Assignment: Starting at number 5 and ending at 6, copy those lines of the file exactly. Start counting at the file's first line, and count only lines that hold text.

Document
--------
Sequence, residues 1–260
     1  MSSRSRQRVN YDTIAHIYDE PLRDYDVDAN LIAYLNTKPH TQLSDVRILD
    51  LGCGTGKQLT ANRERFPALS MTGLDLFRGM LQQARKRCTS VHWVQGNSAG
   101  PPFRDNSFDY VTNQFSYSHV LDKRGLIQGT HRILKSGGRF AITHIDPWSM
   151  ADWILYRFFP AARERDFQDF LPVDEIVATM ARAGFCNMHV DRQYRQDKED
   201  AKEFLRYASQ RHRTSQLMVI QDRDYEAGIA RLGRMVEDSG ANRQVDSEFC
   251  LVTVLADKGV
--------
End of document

   151  ADWILYRFFP AARERDFQDF LPVDEIVATM ARAGFCNMHV DRQYRQDKED
   201  AKEFLRYASQ RHRTSQLMVI QDRDYEAGIA RLGRMVEDSG ANRQVDSEFC